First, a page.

Germany

Sociologists not only aim to foster discussions within the discipline but also are engaged in public debates and controversies. Over the last decade Nandini Sundar, a most renowned Indian sociologist and social activist challenged the boundary between academia and activism and confronted social injustice in India through political action. In the interview opening this issue […]

by Rainer Rilling, University of Marburg, Germany The term “transformation” has a short yet diverse history. It ranges from everyday to political-scientific descriptions of all kinds of change, from political regime change and the development of post-colonial orders into liberal democratic capitalisms, to the different varieties of a globalizing capitalism and finally, even more broadly, […]

by Birgit Riegraf, Paderborn University, Germany, and member of ISA Research Committee on Women, Gender and Society (RC32), Lina Abirafeh, Lebanese American University, Lebanon, and Kadri Aavik, Tallinn University, Estonia and University of Helsinki, Finland  Gender and social inequality are key spheres of study and analysis in sociology, gender studies, and countless other disciplines. An […]

At the XIX ISA World Congress of Sociology in Toronto, Canada, this past July, Sari Hanafi was elected as the new President of the International Sociological Association. This first 2019 issue of Global Dialogue opens with Hanafi’s theoretical vision for the ISA in the course of his term. Here he argues for combining postcolonial and […]

by Projekt Klassenanalyse Jena (PKJ), University of Jena, Germany Why we need class theory– PKJ looking for companions We are currently confronted with intensifying social inequalities and increasing social protests around the globe, while the global economy is still prone to crisis. This applies even to the capitalist centers. According to official statistics, 19% of […]

by James K. Galbraith, University of Texas, USA, and Klaus Dörre, University of Jena, Germany The economies of early industrialized countries have left the time of rapid growth behind. One of the reasons for this end of rapid economic growth in these countries is a trend towards tightened profits that James Galbraith has called “the […]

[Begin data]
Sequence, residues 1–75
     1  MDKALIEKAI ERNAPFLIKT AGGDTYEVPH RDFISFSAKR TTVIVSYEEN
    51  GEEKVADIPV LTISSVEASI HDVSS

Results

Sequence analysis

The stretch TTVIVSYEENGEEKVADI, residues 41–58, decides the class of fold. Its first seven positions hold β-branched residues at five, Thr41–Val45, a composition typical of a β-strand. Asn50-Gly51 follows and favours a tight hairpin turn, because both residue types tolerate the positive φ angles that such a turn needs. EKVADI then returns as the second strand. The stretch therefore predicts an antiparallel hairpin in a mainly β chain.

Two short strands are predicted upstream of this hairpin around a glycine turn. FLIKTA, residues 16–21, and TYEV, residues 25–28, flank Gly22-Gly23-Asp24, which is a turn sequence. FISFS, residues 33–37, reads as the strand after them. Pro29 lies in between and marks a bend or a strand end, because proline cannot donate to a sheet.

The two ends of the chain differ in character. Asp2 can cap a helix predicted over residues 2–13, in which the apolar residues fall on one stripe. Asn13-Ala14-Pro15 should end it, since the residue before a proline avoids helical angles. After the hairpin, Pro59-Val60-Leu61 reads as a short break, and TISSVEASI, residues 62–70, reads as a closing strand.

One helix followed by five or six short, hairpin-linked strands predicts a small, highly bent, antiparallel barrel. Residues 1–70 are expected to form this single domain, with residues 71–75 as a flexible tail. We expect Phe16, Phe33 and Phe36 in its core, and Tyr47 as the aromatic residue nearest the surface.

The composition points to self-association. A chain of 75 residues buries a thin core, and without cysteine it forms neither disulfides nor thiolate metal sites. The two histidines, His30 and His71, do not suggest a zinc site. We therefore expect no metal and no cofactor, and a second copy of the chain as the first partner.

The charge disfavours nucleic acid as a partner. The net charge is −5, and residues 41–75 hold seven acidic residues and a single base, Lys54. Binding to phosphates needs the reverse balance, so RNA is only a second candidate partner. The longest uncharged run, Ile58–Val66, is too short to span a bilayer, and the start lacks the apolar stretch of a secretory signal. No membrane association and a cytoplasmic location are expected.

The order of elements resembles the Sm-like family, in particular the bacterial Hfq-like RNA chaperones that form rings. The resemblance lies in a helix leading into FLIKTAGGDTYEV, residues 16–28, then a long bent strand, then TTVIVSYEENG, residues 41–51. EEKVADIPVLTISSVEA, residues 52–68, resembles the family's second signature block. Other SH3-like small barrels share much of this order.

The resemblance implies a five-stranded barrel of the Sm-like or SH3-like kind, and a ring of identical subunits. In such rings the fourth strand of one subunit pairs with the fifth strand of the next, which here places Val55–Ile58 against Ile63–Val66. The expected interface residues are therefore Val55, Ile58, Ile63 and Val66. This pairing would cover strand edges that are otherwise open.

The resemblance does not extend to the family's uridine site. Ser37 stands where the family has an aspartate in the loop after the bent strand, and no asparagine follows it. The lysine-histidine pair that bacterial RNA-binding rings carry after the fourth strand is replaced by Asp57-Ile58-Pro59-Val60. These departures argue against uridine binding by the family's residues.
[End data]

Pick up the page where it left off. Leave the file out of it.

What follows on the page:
by Anna Saave-Harnack, University of Jena; Germany, Corinna Dengler, University of Vechta; Germany, and Barbara Muraca, Oregon State University, USA The term “degrowth” might lead many to think of shrinking economies following the financial crisis of 2007. But this is not what degrowth is about. The activist slogan “their recession is not our degrowth!” clarifies […]

In many countries all over the world, democratic institutions and processes face increased challenges and pressure. Authoritarian tendencies can be observed in young and old democracies alike: a top-down leadership gains prominence again, nationalism soars, and civil society is weakened through the restriction of political rights. Women’s and minorities’ rights are particularly under attack. In […]

Nancy Fraser is one of today’s most eminent critical theorists and feminist thinkers. She is Professor of Philosophy and Politics at the New School for Social Research in New York. In a number of widely read publications, among them Redistribution or recognition? A Political-Philosophical Exchange (2003), a debate with Axel Honneth, she develops a theoretical […]

by Hauke Brunkhorst, University of Flensburg, Germany After a century of fierce, bloody, and brutal class struggles, global civil wars, and world revolutions, the capitalist state became the cosmopolitan-constituted (e.g. Articles 23 to 26, German Basic Law), democratic and social state (Articles 20 and 28, German Basic Law). In the Global North, justice became an […]